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Rubicon II

Final Report Summary - RUBICON II (Rubicon II)

Within Rubicon researchers are encouraged to dedicate themselves to a career in postdoctoral research, giving them the chance to enhance their career prospects by spending up to two years at a top research institute outside the Netherlands or at an excellent Dutch research institute. Proposals are assessed on the basis of the quality of the applicant, the research proposal and the host institute. The Rubicon programme is open to all scientific disciplines. Female researchers are especially encouraged to apply.

The Rubicon programme is directed at promising postdoctoral researchers who are still at the start of their careers but whose academic strengths give them the potential to become established figures in the Dutch research world. The Marie Sklodowska Curie Action Cofund contribution enabled Rubicon to continue the funding of the salaries of the fellows. Both attracting researchers to the Netherlands and guaranteeing the social benefits for the outgoing fellows fits within the objectives and scope of the Marie Curie Cofund because it increases European (and international) possibilities for experienced researchers. Shortly after obtaining their doctorate, researchers can broaden and deepen their individual competence. The two kinds of mobility of incoming and outgoing fellows support researchers in attaining leading independent positions and strengthening the European Research community.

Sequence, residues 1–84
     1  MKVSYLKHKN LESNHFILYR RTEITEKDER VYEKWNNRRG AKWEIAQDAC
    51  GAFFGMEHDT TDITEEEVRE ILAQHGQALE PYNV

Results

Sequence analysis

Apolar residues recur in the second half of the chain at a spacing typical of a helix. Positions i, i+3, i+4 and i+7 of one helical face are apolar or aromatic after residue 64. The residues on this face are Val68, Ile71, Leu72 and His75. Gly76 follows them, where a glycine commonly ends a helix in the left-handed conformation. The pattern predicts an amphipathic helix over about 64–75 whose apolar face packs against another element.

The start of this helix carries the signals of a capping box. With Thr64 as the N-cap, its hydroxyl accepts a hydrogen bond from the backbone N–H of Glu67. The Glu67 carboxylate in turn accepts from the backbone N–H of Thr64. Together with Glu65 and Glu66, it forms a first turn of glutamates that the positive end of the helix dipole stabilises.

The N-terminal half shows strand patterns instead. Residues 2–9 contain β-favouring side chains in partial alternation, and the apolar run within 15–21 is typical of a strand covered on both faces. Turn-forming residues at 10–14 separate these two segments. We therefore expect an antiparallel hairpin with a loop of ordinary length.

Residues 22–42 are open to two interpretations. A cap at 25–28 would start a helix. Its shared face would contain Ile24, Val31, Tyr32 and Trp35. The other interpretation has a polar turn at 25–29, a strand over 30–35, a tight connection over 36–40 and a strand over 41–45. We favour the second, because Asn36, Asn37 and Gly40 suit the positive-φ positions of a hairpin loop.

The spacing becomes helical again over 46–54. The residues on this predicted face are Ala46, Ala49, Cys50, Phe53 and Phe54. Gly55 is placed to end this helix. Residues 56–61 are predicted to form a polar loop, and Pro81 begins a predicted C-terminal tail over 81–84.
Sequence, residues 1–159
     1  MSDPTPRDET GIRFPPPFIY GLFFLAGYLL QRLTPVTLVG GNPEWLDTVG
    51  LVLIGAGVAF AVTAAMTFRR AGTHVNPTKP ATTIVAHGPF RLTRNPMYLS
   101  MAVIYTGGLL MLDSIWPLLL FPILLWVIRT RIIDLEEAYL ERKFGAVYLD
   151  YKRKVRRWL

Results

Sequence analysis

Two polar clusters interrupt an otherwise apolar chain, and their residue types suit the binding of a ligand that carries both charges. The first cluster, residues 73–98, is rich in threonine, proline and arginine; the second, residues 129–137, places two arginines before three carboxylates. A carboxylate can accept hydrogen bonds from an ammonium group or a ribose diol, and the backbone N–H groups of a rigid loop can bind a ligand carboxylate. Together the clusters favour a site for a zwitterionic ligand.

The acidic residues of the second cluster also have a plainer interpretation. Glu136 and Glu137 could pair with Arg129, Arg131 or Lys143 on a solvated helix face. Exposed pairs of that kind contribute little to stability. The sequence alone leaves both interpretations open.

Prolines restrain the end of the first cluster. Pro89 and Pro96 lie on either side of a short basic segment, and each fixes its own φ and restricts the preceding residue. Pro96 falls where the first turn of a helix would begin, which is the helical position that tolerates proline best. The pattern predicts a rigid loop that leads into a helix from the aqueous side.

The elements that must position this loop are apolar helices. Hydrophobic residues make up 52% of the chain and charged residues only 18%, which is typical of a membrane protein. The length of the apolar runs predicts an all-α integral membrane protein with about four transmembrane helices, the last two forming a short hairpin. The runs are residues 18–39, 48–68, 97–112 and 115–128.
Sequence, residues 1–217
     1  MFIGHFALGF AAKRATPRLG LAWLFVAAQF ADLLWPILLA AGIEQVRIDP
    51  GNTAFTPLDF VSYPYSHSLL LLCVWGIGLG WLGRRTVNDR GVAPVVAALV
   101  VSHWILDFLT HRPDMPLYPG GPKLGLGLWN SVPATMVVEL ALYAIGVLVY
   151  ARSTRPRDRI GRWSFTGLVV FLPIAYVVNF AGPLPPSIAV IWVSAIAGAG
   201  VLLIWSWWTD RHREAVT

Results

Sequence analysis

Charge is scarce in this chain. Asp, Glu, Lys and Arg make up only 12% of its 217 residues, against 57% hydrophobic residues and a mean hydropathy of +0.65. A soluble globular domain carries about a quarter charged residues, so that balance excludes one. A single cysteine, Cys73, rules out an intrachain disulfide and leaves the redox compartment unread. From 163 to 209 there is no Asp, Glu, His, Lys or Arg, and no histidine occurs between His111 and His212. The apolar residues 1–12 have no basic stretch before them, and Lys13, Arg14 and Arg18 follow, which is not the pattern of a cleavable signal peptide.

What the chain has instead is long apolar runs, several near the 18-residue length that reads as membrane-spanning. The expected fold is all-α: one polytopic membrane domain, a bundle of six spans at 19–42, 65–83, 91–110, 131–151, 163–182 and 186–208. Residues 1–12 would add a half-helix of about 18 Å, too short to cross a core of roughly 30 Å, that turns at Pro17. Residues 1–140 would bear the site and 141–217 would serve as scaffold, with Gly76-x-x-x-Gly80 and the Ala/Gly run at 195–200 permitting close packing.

There were two Rubicon submission rounds held in 2011 which received Cofunding from the MSCA with deadlines on 31 March and 1 September. A total of 523 applications were submitted of which 43 fellows enjoyed a Rubicon grant with a MSCA Cofund contribution. 13 fellows of the 43 awarded fellows came from the Humanities and Social sciences (Alfa-Gamma), 7 from the Beta sciences and 23 from the Life sciences. Seven of the 43 fellows were incoming and 36 were outgoing fellows. A substantial part of the fellows were female (18).

38 fellows expect to make use of the results and experience gained during the Rubicon project frequently in their current work whereas 39 fellows state that they will be active in scientific research.

There is no obligation in Rubicon to return to Europe. Nevertheless NWO monitors the career steps of the fellows after finishing their Rubicon project. 19 fellows decided to remain in the host country after their project and 25 fellows returned to their home country after their Rubicon project. On the other hand only 7 fellows will be working outside Europe after their Rubicon project, 6 in the US and 1 returned to his home country Korea. That means that 85% is continuing research within the European Research Area. One may conclude that the Rubicon fellows are highly mobile researchers.

When we look at the bigger picture including the Rubicon submission rounds outside this Cofund contribution, the data exhibit a high success rate of more than 40% for Rubicon researchers in the Veni, Vidi and Vici schemes of NWO. These Dutch schemes are individual grants comparable to the ERC Starting and Advanced grants. This indicates that the Rubicon researchers greatly benefit from the experience gained during their Rubicon project.

Rubicon was continued after the Cofund contribution and is still being executed by the Netherlands Organisation for Scientific Research, further information can be found at the website www.nwo.nl/rubicon.
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